The final grade will be determined by the following:
|Homework (10 Homework Assignments)||10%|
Each quiz will be 90 minutes in length and cover the information presented and discussed in class and in the homework sets. Any notes can be used during the quiz. Quiz 2 will focus on material presented and discussed during the second half of the subject but some reference may be made to material discussed in the first half of the course.
The term report will be 12 pages, written in English. The 12-page limit includes all text, images and references. The Report will describe a tissue engineering approach for the production of a tissue or organ (i.e., a structure comprising 2 or more tissues) of the student's selection. The Report will be due as a Microsoft® Word document sent as an attachment to an e-mail message to Professors Cui and Spector by 5:00 PM (Boston time) on Lecture 12.
The subject is allocated 8 assigned units, reflecting the minimum number of hours per week that the students will be engaged in class-related activities: 1 ½ hours in class and 6 ½ hours out of class studying the materials presented in class and posted on the Web site, working on homework sets, and working on the Term Report.
The subject is taught as a first-year graduate level course for students with engineering and science backgrounds, and students enrolled in medical school. As prerequisites students should have had subjects covering concepts of cellular biology and surveying the composition and properties of materials. The course directors can assist in determining if such prerequisites are met by individual subjects at the respective institutions.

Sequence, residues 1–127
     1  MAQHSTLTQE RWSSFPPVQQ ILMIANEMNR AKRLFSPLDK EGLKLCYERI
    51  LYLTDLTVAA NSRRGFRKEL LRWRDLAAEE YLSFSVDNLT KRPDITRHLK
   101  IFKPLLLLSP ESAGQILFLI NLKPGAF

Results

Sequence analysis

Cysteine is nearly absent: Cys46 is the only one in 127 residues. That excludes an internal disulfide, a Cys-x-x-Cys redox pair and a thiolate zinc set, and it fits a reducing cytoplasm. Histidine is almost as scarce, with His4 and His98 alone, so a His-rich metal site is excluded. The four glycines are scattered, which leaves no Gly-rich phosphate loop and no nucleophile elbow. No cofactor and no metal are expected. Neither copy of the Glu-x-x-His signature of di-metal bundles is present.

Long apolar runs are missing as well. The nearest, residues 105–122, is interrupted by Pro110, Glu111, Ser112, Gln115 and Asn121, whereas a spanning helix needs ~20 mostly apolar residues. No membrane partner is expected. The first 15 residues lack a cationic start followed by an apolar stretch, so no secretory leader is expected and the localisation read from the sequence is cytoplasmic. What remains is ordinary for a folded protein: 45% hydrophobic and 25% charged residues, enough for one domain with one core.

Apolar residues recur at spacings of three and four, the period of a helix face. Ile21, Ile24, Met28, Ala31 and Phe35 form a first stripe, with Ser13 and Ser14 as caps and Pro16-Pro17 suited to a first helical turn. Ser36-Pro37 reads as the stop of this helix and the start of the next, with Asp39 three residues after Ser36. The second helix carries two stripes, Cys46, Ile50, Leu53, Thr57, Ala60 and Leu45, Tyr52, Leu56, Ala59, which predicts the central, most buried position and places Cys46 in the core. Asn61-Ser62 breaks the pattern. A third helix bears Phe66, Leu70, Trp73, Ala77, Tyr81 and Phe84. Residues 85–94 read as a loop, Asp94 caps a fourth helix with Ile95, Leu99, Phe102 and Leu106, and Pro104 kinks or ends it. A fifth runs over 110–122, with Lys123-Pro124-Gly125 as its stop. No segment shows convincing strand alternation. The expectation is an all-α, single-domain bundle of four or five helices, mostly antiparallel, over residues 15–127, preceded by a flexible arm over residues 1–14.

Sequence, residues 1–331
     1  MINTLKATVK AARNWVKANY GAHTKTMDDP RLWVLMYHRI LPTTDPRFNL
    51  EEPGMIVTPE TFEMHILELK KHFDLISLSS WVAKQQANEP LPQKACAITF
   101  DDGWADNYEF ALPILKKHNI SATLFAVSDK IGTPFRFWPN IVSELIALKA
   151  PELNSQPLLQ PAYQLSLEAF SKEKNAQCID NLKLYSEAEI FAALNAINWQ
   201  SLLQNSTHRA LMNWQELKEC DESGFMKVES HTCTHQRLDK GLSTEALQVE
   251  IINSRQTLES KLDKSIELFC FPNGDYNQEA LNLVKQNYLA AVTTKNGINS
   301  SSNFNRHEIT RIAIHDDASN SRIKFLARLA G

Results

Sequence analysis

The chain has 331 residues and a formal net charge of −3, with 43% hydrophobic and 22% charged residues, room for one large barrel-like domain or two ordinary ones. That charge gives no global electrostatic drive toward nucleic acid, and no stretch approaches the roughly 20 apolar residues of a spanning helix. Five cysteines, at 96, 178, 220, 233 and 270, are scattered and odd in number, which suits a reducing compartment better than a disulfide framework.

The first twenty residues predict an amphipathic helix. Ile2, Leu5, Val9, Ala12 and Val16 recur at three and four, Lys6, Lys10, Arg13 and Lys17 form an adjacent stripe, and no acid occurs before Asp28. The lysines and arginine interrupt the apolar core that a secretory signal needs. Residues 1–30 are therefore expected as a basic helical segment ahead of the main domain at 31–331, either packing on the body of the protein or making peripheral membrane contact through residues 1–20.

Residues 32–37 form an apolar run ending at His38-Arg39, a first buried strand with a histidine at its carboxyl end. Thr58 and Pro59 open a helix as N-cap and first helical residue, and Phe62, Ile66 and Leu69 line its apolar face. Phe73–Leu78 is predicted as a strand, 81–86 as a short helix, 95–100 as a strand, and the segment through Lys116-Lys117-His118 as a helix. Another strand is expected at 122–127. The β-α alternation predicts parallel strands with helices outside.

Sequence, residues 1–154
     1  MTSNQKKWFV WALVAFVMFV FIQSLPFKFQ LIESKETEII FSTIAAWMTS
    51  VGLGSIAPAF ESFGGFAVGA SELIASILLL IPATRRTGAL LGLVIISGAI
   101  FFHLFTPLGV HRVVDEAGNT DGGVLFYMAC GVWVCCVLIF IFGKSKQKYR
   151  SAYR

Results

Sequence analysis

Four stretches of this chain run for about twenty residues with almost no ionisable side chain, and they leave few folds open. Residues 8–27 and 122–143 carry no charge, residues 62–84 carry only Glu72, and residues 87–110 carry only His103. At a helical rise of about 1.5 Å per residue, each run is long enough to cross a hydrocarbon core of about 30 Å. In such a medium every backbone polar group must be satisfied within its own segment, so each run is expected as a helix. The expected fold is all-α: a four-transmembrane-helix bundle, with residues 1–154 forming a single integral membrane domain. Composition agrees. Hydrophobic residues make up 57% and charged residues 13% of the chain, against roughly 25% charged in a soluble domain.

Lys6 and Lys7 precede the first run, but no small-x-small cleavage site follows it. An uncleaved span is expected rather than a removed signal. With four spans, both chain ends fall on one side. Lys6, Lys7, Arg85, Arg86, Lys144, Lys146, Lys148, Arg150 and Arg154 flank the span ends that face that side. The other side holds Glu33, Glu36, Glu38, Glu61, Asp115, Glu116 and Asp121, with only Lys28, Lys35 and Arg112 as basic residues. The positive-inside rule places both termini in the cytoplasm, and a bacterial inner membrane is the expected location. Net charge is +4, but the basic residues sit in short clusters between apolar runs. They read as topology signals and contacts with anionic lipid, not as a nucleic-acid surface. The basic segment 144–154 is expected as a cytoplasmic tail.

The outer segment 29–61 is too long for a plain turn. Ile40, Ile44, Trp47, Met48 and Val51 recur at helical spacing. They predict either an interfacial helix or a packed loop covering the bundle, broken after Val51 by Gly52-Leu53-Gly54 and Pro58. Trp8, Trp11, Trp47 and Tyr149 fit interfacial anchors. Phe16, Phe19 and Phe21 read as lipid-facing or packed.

Readings for the subject will comprise lecture notes, Microsoft® PowerPoint® slides, journal articles, and selections from textbooks.
Tissue engineering is such a broad field encompassing principles from so many disciplines that no one subject can deal with all of its aspects in meaningful depth. There is some overlap of certain tissue engineering concepts presented in HST.535 with topics presented in other subjects offered at MIT and Tsinghua. However, HST.535 will address several topics not dealt with in other subjects and other topics will be discussed in greater depth in HST.535. Moreover, some topics will benefit from their inclusion in a subject exclusively focused on tissue engineering.
Following are other MIT subjects addressing tissue engineering in their curriculum and the course related to tissue engineering at Tsinghua University:
|MIT Subjects Addressing Tissue Engineering|
|10.449 / BE.360||Cell and Tissue Engineering||L. Griffith /|
|2.79J / 3.96J / BE.441J / HST.522J||Biomaterials-Tissue Interactions||M. Spector /|
|2.782J / 3.961J / BE.451J / HST.524J||Design of Medical Devices / Implants||M. Spector /|
|Course Related to Tissue Engineering at Tsinghua University|
|70350132||Biomaterials Science||F. Z. Cui /|
Q. L. Feng
Supported by an unrestricted educational gift from Geistlich Biomaterials, Wolhusen, Switzerland.